McDonald’s work is rich, painful, and horrifying by turns. Special Needs Child sees a new-born adopted in the aftermath of Hurricane Katrina (or a near equivalent). The tenderness and difficulty of the familial situation is brought into sharp relief by the proclivities of this special child as it grows up, fascinated by and attracted to the scent of death. It’s a masterclass in the slow reveal with an ending that is sickening on multiple levels.
Devo Nodenti introduces us to an aged archaeologist and a creature who is something between a living nightmare and a comforting pet. Her tale is one of love and regret, deep bitterness and vengeance. Once again, the unfolding is done with care, drawing us into her inner world before tearing out hearts. By the time I’d finished this one I’d already decided to devour as much of McDonald’s work as I could find.
Her final tale – The Play’s the Thing – is a peculiar piece. The setting barely scrapes into the 20th century, and the horror tropes sprawl out in every direction with each room in the crazy country house. Where the other stories have brought real, vulnerable, recognisable people into contact with the Mythos, this one is dreamlike: an oddly confected bauble, a multiverse of literary horror. It is fascinating and fun, swirled through with a streak of lunacy. I loved it intensely but, like a marble in a jewel box, it just feels out of place.
Taken as a whole though, I thought the collection was excellent, showcasing some incredible talent and a delightful range of experiences. I averaged two stories per day around the edges of my life with relative ease. For me, the blend of familiar elements with novel perspectives and a modern setting kept things vibrant and interesting. Would a non-Lovecraftian get the same sense of enjoyment from the book? There are aspects of the lore that would feel obscure to them, I’m sure – context they can seek in other volumes – but each story satisfies in terms of character and plot, standing comfortably alone.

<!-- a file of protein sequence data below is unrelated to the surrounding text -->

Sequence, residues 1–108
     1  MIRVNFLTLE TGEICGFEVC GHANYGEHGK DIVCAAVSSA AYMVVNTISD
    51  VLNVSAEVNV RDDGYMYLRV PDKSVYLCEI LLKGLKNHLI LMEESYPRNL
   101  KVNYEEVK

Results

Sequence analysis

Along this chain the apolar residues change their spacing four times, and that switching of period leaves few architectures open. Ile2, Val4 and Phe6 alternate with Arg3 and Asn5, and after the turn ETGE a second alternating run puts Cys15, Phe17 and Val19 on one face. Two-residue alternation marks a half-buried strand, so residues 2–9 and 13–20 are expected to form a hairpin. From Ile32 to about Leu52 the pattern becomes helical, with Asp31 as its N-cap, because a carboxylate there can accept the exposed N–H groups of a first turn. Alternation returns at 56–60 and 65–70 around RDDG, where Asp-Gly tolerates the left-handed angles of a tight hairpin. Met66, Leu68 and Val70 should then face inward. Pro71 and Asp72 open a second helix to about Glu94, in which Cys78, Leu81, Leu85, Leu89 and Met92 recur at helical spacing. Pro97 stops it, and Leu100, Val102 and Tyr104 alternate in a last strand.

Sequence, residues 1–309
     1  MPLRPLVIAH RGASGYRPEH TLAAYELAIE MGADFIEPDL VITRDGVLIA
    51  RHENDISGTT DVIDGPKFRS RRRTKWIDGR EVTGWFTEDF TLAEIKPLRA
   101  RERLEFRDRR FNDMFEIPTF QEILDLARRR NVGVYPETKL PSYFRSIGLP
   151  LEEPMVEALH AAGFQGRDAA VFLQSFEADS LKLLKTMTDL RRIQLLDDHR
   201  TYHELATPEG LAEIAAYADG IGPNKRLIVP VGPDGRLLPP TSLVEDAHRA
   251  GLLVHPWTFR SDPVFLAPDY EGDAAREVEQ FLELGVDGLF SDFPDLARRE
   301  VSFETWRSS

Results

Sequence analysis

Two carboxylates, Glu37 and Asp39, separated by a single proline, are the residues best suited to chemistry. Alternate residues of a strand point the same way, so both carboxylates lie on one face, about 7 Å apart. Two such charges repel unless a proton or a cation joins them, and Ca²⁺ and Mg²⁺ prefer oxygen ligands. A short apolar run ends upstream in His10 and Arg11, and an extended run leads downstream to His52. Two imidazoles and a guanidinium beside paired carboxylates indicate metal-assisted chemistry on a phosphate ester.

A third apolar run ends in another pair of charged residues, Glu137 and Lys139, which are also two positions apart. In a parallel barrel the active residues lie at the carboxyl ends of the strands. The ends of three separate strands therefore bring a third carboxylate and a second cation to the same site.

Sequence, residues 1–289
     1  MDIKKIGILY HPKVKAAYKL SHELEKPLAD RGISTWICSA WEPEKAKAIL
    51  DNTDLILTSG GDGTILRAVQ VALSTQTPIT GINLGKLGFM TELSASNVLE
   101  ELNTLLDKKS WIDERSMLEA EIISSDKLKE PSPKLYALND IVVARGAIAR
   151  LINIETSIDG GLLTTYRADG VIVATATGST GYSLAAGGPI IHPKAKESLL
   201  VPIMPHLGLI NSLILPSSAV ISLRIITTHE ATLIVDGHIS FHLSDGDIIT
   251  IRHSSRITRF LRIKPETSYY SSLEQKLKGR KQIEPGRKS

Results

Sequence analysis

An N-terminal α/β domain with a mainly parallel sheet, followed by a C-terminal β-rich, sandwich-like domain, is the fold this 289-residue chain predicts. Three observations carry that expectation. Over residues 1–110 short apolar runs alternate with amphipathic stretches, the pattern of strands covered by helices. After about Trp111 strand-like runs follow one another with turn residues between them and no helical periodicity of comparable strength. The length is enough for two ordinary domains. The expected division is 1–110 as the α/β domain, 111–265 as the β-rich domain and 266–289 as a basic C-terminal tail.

There is a danger when it comes to cosmic horror: if the enemies mankind faces are truly so powerful, so widespread, so invulnerable as to render us helpless before them, how long can this tension possibly last? Perhaps this is why the authors of The Private Life eschewed the titanic horrors of Nyarlathotep, Cthulhu, and Azathoth. By keeping the menaces small and personal, or – in the tales where things feel more epic in scope – at least providing us with resting points, they allow the pressure to build without ever bursting it.
I highly recommend this book.
Go spend some money.
* Taken up and expanded by such luminaries as Clark Ashton Smith, Fritz Leiber, Frank Belknap Long and the Roberts Bloch, E. Howard, and W. Chambers.